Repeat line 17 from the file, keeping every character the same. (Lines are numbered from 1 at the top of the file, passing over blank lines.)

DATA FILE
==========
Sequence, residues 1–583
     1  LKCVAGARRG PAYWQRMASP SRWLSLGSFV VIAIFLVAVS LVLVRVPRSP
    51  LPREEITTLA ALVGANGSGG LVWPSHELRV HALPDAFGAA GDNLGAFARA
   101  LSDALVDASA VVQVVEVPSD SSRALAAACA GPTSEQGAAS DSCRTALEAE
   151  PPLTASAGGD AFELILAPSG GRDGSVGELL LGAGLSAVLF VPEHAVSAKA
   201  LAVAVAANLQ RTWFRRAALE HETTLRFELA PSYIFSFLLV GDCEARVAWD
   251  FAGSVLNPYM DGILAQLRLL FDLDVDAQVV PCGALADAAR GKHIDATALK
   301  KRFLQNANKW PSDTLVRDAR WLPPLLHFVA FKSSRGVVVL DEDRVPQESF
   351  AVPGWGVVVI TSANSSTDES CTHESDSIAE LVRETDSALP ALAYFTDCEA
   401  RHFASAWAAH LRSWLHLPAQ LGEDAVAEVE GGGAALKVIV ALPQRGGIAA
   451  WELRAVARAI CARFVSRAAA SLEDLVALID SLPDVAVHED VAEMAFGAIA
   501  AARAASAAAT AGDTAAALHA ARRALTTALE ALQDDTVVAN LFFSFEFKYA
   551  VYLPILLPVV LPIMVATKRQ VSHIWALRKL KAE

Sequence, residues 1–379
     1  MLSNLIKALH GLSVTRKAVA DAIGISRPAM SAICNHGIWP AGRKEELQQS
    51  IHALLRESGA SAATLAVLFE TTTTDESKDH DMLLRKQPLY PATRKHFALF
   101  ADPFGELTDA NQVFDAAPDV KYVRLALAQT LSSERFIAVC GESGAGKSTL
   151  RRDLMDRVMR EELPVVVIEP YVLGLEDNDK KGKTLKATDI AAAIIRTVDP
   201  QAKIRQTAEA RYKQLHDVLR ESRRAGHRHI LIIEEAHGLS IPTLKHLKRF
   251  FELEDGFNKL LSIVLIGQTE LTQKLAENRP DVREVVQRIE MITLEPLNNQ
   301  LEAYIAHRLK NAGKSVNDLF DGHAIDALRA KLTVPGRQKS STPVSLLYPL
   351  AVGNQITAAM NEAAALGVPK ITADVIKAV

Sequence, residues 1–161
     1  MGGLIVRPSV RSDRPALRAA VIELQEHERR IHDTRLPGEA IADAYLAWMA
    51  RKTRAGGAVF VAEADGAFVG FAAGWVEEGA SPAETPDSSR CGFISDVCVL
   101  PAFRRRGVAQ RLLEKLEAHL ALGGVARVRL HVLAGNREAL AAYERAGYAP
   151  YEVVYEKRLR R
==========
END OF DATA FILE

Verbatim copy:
   101  ADPFGELTDA NQVFDAAPDV KYVRLALAQT LSSERFIAVC GESGAGKSTL